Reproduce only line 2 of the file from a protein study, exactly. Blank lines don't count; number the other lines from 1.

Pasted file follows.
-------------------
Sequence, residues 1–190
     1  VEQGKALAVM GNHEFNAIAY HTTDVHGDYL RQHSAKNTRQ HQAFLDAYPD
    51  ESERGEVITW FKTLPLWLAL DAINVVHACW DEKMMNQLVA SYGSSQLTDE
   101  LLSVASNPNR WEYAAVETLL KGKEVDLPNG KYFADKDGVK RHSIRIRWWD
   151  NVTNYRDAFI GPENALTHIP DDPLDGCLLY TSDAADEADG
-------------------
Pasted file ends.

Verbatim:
     1  VEQGKALAVM GNHEFNAIAY HTTDVHGDYL RQHSAKNTRQ HQAFLDAYPD